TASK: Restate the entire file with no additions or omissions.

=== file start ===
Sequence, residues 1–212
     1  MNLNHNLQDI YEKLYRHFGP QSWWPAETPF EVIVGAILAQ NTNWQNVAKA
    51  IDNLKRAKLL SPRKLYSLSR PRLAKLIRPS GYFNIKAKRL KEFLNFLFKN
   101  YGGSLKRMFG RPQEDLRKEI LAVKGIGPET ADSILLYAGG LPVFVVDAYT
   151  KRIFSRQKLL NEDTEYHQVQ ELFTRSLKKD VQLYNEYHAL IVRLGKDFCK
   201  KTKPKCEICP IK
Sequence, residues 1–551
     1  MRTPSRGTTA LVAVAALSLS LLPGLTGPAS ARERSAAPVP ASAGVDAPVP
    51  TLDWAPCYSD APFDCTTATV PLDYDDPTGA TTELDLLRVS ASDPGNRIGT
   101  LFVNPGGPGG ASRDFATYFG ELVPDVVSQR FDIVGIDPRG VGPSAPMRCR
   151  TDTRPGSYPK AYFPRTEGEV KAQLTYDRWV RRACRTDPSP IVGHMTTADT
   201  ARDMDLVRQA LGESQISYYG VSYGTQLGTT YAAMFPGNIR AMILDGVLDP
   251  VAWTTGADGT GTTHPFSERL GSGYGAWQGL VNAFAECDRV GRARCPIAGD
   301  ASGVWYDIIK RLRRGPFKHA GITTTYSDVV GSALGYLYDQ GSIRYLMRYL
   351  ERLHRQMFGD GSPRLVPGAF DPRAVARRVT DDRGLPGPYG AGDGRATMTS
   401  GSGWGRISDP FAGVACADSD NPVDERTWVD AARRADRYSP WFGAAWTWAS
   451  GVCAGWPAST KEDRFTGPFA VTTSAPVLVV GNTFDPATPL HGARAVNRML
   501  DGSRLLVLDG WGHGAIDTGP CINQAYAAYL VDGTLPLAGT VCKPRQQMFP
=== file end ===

Sequence, residues 1–212
     1  MNLNHNLQDI YEKLYRHFGP QSWWPAETPF EVIVGAILAQ NTNWQNVAKA
    51  IDNLKRAKLL SPRKLYSLSR PRLAKLIRPS GYFNIKAKRL KEFLNFLFKN
   101  YGGSLKRMFG RPQEDLRKEI LAVKGIGPET ADSILLYAGG LPVFVVDAYT
   151  KRIFSRQKLL NEDTEYHQVQ ELFTRSLKKD VQLYNEYHAL IVRLGKDFCK
   201  KTKPKCEICP IK
Sequence, residues 1–551
     1  MRTPSRGTTA LVAVAALSLS LLPGLTGPAS ARERSAAPVP ASAGVDAPVP
    51  TLDWAPCYSD APFDCTTATV PLDYDDPTGA TTELDLLRVS ASDPGNRIGT
   101  LFVNPGGPGG ASRDFATYFG ELVPDVVSQR FDIVGIDPRG VGPSAPMRCR
   151  TDTRPGSYPK AYFPRTEGEV KAQLTYDRWV RRACRTDPSP IVGHMTTADT
   201  ARDMDLVRQA LGESQISYYG VSYGTQLGTT YAAMFPGNIR AMILDGVLDP
   251  VAWTTGADGT GTTHPFSERL GSGYGAWQGL VNAFAECDRV GRARCPIAGD
   301  ASGVWYDIIK RLRRGPFKHA GITTTYSDVV GSALGYLYDQ GSIRYLMRYL
   351  ERLHRQMFGD GSPRLVPGAF DPRAVARRVT DDRGLPGPYG AGDGRATMTS
   401  GSGWGRISDP FAGVACADSD NPVDERTWVD AARRADRYSP WFGAAWTWAS
   451  GVCAGWPAST KEDRFTGPFA VTTSAPVLVV GNTFDPATPL HGARAVNRML
   501  DGSRLLVLDG WGHGAIDTGP CINQAYAAYL VDGTLPLAGT VCKPRQQMFP